Friday, March 28, 2014


Sermon preached March 23, 2014

Texts: John 4:5-42

            It seems that I have a number of friends who are either turning fifty, or getting quite close.  I passed that by just a few years ago myself, and I sometimes like to think age time and age.  I was a boy in the 1960s and it is interesting to consider that the 1930s were closer in time to me then, than the 1960s are to today.  One of the gifts of growing older is that we are able to store up a lot in our memories.  One of the challenges is that sometimes we remember more about something that happened in the 1960s than something that happened yesterday.
            So here’s a blast from the past:
            “Windy” The Association
            I remember that song.  I was eight when it was a number one song in 1967 – forty seven years ago.  I think it is still a catchy song.  Who’s peekin’ out from under a stairway, calling a name that’s lighter than air?  Who’s bending down to give me a rainbow?  Everyone knows it’s Windy.
            But Windy sounds remarkably like God, God as Spirit, as blowing wind.  In his encounter with the Samaritan woman at the well, Jesus tells her, “God is spirit, and those who worship God must worship in spirit and truth.”
            God is Spirit.  The words that get translated Spirit are linked to the words for both breath and wind, and this is true for both Hebrew and Greek.  Frederick Buechner is right in putting together that little equation spirit=breath=life.  In the previous chapter of John’s gospel, from which we read last week, Jesus said, “The wind blows where it chooses, and you hear the sound of it, but you do not know where it comes from or where it goes.”  This has something to do with God as Spirit, as blowing wind.
            In this third sermon on the shades of God, I want to say three things about God as Spirit, as blowing wind, and then draw out what that may mean for us in our lives.
            God as Spirit should often be imagined as a refreshing gentle breeze.  I am going to mix my metaphors here something terrible, but I hope it will be o.k.  In the story of Jesus and the Samaritan woman at the well, the discussion begins with water.  Jesus asks her for some, but then he goes off in this cryptic and mysterious direction.  “If you knew the gift of God, and who it is that is saying to you, “Give me a drink,’ you would have asked him, and he would have given you living water.”  The woman responds by asking where Jesus intends to get this water from as he has no bucket.  Again, he responds rather mysteriously.  “Those who drink of the water that I will give them will never be thirsty.  The water that I will give will become in them a spring of water gushing up to eternal life.”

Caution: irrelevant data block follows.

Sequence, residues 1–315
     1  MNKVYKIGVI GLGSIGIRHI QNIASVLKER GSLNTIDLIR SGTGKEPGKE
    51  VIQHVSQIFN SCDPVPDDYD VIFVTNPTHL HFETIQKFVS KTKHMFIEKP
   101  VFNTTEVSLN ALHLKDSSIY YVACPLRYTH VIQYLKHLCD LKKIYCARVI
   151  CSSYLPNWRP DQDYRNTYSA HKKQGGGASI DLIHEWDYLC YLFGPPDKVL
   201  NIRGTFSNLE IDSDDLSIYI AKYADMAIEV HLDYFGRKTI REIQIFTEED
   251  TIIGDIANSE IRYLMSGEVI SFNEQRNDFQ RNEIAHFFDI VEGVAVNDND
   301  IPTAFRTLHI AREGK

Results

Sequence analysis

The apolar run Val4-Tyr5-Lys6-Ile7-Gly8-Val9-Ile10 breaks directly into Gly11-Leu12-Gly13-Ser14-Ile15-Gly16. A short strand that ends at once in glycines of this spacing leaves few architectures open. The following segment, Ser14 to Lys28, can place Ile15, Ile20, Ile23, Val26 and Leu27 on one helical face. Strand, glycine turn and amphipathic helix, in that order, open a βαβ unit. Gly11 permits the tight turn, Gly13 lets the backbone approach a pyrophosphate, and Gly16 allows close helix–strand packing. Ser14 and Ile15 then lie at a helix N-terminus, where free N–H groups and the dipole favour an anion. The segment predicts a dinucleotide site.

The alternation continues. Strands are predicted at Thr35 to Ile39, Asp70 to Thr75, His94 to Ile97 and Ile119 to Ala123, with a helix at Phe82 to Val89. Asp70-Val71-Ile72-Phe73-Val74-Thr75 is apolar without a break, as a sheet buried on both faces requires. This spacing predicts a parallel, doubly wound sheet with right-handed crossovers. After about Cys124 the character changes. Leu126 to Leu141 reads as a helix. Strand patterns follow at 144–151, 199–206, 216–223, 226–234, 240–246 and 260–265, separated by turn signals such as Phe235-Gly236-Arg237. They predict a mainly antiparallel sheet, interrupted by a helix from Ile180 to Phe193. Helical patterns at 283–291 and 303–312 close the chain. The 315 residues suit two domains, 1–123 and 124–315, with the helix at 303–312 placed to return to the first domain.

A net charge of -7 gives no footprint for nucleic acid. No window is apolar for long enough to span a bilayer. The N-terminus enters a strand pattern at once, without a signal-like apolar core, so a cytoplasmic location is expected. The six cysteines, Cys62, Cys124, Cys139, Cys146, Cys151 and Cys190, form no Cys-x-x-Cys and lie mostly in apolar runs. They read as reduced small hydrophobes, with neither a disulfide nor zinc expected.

Jesus is saying something about God as Spirit, using water imagery.  But his remarks are translatable into wind imagery.  Water is refreshing.  It cools.  Gentle breezes refresh and cool.  God’s Spirit is like a gentle breeze in our lives, needed particularly when life feels hot and dry and parched.  Then we need a little living water.  Then we need a little gentle breeze.
            Winds, even when they are gentle, move things around.  Winds are not always gentle, and the stronger the wind, the more things get blown about.  God’s Spirit is like a blowing wind that rearranges things in our lives and in the world.  One of the most remarkable things about the story of Jesus and the Samaritan woman at the well is that it happened at all.  The gospel writer includes this little explanatory note that is vitally important – “Jews do not share things in common with Samaritans.”  Here is the way a more contemporary theologian described the situation of Jesus’ time.  “Because of the continual threat of defilement, and still more of being infected by false doctrine, association with Samaritans and Gentiles was unwelcome and taboo” (Ernst Kasemann, Jesus Means Freedom, 23).  There were also some strictures against a Jewish man conversing alone with a Jewish woman, and an encounter at a well would have been particularly fraught with tension for there are overtones of courtship in such encounters in the biblical tradition.  Recall the disciples’ reaction – “they were astonished that he was speaking with a woman.”  If Jesus is an indication of the nature of God as Spirit, as blowing wind, then this wind blows down barriers.  This Spirit is willing to shake things up.
            God as Spirit, as blowing wind also has a certain freedom, a certain unpredictability about it.  Again, the words from John 3 are helpful and instructive.  “The wind blows where it chooses, and you hear the sound of it, but you do not know where it comes from or where it goes.”  This is not to suggest that God is unreliable, only to suggest that God will blow through our lives in ways we had not imagined or predicted.